Week 6: 11/26 & 11/28: AUTOMOTIVE FUTURES

In each of our classes this week, we will be joined by automotive and autonomous vehicle experts. While they’ll be talking about cars, it’s worth noting that 2-wheel infrastructure is the locus of much VC interest. What will your signals entail?

Monday: Michael Robinson (via Skype from Italy).

Michael Robinson is an automotive designer from the US and based in Italy. He was Design Director at Fiat and Lancia, and has also worked with Ford and Volvo. He’s in the Hall of Fame for car design at the Turin National Automobile Museum. Robinson holds a long view of what design means in the future of automotive when people are no longer driving cars themselves.

Wednesday: Chris Urmson, CEO of Aurora (via Skype from California).

Dr. Chris Urmson is CEO of Aurora. He has nearly 20 years of experience in self-driving cars and robotics, and was previously CTO for self-driving cars at Alphabet. He holds a PhD in Robotics from CMU and was a faculty member here, and helped win the 2007 DARPA Urban Challenge.

Chris Urnson & a 2015 TED Talk

Week 7: 12/3 & 12/5: CONCLUSIONS

There may be other visitors this week, tbd.

Design week project & zine celebration, date TBD (12/10–12/14)

Objectives, policies, grading

Objectives

  • Explore pop culture representation of AI as a means of challenging myths
  • Expand your understanding about AI, smart cities and architecture, infrastructure, and more
  • Develop critical thinking and writing skills through weekly written responses
  • Explore creative approaches to AI and smart cities to share

Readings

Are located online and here: https://cmu.box.com/v/aiculture-buildings-cities

Grading

  • Signals in Medium as reading responses, 200–250 words: 25%
  • Creative final project: 30%
  • Zine project: 20%
  • Participation: 15%
  • Discussion leadership, 1 week: 10%

Signals: 6 over the course of the class: 25%

(Borrowed from Anthony Townsend & NYU and the Institute for the Future with permission):

Leading discussion & conversation: 20%

Each week, a group of discussion leaders are on hand to lead conversation about signals and help guide sessions with our visitors when we have them.

Zine project & publication: 20%

We will all construct a zine composed of your best signals. As a class, you’ll create the layout & cover and determine the order of content.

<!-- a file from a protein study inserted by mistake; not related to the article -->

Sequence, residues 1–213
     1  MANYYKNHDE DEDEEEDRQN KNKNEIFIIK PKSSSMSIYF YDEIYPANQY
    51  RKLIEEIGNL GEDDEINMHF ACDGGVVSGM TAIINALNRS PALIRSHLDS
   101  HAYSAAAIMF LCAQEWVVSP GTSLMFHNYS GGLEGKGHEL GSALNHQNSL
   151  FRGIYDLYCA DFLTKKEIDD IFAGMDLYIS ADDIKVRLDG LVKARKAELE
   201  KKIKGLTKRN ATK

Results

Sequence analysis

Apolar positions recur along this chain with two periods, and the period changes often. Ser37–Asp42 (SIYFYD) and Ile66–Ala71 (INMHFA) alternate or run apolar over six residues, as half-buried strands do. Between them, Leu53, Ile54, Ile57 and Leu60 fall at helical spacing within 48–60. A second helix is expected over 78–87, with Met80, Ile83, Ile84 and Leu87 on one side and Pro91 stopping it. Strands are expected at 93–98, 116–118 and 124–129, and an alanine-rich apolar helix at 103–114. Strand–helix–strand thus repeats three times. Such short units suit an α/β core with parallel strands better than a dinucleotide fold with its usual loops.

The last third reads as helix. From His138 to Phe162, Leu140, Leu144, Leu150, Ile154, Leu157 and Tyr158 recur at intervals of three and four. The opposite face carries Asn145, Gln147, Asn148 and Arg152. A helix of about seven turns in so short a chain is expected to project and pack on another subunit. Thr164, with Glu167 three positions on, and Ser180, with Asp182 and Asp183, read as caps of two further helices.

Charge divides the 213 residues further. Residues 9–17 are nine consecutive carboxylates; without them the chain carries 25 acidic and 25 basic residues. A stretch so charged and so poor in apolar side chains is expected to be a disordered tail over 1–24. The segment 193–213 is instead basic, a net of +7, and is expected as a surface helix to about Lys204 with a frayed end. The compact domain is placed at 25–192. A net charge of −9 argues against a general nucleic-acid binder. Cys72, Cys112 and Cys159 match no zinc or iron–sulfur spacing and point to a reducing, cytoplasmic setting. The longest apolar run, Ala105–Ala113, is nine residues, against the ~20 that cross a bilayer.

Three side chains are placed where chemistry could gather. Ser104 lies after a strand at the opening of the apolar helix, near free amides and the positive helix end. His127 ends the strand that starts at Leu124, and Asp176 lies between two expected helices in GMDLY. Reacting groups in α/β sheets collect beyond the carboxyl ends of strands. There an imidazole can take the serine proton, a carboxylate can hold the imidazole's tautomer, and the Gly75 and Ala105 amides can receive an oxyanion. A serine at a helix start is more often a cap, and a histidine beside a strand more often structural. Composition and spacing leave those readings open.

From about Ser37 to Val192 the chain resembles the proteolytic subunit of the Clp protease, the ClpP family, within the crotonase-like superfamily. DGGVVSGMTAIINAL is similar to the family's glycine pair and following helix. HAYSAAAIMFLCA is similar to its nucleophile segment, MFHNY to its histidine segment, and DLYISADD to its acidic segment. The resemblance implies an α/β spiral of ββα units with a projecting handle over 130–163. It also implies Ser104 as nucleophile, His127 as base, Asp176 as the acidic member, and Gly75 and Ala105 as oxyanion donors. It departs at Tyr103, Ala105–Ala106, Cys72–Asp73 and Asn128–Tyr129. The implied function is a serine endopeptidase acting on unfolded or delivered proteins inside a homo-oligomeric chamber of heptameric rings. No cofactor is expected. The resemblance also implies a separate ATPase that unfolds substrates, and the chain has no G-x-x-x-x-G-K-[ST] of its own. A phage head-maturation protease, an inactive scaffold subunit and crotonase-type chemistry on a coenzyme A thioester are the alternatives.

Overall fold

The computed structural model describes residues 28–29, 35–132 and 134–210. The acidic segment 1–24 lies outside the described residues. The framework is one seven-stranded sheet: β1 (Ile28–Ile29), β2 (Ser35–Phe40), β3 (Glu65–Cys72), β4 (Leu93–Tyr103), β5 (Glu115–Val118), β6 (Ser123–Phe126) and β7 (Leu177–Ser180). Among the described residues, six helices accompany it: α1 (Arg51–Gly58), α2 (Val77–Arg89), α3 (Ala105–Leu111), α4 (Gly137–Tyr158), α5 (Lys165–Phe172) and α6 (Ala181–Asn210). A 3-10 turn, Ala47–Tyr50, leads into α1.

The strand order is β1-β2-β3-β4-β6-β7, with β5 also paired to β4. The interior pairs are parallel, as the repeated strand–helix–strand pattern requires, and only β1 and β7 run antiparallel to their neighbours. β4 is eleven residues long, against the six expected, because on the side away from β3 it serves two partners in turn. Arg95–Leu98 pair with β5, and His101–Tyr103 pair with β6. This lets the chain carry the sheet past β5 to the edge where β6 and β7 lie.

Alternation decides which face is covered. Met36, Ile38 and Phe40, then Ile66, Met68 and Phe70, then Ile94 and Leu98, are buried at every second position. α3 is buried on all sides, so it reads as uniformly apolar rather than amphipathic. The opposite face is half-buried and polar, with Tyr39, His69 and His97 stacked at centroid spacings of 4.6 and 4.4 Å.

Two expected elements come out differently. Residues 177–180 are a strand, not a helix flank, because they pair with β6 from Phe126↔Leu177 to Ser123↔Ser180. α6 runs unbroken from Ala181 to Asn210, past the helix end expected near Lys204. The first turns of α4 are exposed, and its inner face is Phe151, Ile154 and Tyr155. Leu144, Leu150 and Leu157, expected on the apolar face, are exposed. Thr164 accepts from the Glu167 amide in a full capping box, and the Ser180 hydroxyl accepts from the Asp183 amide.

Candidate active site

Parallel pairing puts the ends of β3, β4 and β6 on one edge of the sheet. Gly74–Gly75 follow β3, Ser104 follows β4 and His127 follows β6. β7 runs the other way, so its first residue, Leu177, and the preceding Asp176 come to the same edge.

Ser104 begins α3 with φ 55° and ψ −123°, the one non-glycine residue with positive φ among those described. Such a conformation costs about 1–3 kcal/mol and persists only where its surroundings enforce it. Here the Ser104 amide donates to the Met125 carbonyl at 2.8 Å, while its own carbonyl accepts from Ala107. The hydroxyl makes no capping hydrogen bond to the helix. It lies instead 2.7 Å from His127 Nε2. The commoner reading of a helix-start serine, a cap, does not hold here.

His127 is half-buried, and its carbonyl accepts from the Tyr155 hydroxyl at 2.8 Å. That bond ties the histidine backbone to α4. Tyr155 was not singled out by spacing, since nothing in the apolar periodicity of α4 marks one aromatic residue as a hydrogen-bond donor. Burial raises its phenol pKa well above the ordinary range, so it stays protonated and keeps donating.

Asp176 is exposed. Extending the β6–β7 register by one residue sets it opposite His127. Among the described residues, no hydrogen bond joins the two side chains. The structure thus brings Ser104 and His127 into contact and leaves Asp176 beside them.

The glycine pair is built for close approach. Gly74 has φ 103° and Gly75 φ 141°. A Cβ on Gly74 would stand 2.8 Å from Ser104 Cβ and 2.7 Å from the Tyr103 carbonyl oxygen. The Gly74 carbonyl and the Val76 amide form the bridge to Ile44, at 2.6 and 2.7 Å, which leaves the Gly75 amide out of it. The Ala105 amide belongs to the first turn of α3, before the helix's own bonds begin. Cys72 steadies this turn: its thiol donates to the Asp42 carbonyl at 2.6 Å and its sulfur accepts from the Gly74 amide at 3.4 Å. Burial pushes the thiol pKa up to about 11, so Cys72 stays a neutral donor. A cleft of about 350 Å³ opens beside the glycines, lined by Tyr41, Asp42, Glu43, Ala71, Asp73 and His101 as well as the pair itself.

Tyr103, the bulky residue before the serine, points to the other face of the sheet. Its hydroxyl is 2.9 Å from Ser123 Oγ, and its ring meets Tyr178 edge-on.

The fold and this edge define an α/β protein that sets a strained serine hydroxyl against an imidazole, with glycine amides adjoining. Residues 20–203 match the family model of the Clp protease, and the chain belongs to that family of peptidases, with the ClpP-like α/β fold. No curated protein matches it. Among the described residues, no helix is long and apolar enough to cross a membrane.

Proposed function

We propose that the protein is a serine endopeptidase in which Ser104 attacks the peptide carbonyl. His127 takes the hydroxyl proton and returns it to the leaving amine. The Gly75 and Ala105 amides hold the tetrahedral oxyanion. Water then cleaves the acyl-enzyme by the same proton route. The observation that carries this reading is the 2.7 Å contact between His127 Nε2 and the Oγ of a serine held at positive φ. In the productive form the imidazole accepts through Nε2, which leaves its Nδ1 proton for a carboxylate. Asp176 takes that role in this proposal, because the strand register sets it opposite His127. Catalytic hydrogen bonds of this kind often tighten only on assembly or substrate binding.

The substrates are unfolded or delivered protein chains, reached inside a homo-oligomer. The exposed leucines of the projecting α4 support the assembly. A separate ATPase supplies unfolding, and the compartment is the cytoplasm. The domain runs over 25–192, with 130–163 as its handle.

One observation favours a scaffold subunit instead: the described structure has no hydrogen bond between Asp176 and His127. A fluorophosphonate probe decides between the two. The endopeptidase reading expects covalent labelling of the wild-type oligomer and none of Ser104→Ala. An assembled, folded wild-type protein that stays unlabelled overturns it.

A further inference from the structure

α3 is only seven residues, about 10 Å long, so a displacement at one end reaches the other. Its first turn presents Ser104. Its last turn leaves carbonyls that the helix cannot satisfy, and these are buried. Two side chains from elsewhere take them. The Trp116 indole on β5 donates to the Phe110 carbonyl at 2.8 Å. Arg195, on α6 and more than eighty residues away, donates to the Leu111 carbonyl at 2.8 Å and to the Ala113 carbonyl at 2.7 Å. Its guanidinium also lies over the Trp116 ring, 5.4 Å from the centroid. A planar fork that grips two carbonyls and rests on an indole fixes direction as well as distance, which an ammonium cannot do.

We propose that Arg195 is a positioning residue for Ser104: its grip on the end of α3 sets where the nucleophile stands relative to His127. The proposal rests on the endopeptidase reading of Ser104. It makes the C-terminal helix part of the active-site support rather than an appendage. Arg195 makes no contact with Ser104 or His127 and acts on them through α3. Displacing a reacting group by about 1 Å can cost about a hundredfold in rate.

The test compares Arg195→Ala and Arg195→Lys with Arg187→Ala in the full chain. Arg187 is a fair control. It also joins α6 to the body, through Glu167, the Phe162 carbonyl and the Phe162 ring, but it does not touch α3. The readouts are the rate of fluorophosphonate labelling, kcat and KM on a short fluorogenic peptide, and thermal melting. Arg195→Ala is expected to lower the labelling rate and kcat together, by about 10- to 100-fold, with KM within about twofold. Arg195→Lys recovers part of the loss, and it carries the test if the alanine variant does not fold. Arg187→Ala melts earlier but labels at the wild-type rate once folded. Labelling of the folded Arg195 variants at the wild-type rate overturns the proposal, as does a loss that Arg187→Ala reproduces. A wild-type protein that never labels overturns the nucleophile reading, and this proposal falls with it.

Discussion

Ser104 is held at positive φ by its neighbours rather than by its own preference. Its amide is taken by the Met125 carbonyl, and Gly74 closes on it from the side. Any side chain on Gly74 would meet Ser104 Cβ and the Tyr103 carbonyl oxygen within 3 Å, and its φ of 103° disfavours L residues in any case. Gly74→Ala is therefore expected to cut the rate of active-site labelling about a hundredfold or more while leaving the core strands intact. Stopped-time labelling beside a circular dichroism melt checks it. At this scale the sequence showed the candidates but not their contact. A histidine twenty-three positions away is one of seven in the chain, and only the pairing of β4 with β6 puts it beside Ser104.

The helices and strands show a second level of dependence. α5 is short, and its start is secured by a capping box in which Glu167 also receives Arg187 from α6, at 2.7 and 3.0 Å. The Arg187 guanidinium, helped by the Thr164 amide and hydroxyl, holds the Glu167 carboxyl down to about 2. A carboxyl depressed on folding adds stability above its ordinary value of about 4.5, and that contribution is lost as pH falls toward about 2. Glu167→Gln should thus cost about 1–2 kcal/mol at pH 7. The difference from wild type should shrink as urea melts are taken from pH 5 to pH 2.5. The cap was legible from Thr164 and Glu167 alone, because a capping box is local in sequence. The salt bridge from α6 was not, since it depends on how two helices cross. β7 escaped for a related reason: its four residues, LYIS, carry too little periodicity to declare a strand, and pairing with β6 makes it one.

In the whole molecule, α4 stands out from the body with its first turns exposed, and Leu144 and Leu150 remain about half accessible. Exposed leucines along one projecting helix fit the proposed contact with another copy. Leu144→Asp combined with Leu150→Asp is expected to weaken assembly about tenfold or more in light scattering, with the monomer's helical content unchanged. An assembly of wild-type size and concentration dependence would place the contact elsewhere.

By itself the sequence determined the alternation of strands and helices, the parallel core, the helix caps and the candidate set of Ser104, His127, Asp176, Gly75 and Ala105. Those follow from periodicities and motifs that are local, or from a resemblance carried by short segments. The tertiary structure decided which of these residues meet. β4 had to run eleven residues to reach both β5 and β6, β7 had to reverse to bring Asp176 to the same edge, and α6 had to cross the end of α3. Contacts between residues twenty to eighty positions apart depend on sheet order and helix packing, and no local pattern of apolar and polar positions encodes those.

Creative project: 30%

Taking everything we’ve done and the things that you’re most interested and curious about, you will put together a final creative project. You could write, make a podcast, do a video, code a demo, build a robot, make a game, develop a simulation, bring us into your own uncanny valley… it’s up to you. This project is due the last week of class and we will celebrate your work then.

Participation: 5%

I expect you to complete the readings, bring in homework, take part in discussion in small and large groups, arrive on time, and not miss class. If you’re shy about speaking out in class, that’s okay too, your participation in small groups and being a good listener counts too.

Medium accounts

To start a Medium account, click the Getting Started button in the upper-right hand corner of Medium.com. After you’ve started an account, you can start a new story by clicking your avatar or image of yourself in the upper-right hand corner, then choosing Start a New Story. This will bring you to a blank page where you can immediately start writing. Be sure to include images or video (see above and below).

Academic integrity

The point of this class is to develop and situate your own ideas in a broader discourse — and in order to do that properly, you need to cite your work. No form of academic dishonesty will be tolerated. When you use words, images, videos, or even ideas and thoughts that are not yours and that you do not credit or properly cite, you are guilty of plagiarism. It is better to ask for more time on a deadline than to plagiarize. If you have any questions, ask.

Attendance policy

Absences of any kind are strongly discouraged as your learning and work will be adversely affected by the information and activities you miss. Be punctual, arriving just before the class start time so we can begin sessions promptly, and stay for the duration of each class. If you are five minutes late or leave class early you will be marked as absent. Two absences may cause your final grade to drop a letter. Three absences may earn you a failing grade for the course. Please schedule doctor’s appointments, interviews, etc. for times other than class sessions. In the event that you encounter a health or life issue that requires you to miss class (such as a physician providing you with instructions that necessitate your quarantine) please notify me as soon as possible to provide an idea of the severity of your illness/issue and the length of time needed for recovery. Keep in mind, you are responsible for information you miss through absences or lateness. (Note: If your illness/issue requires recovery time that exceeds the absence policy for a passing grade, a leave of absence may need to be considered. If this becomes the case consultation with university resources on how best to support you may be necessary.)

Take care of yourself

Remember that we — your professors and your classmates alike — want you to succeed and thrive. Stress is real. Emotions are real. Depression is real.

Vice Provost for Faculty, Carnegie Mellon University. Author of Architectural Intelligence (MIT Press 2017). Girlwonder.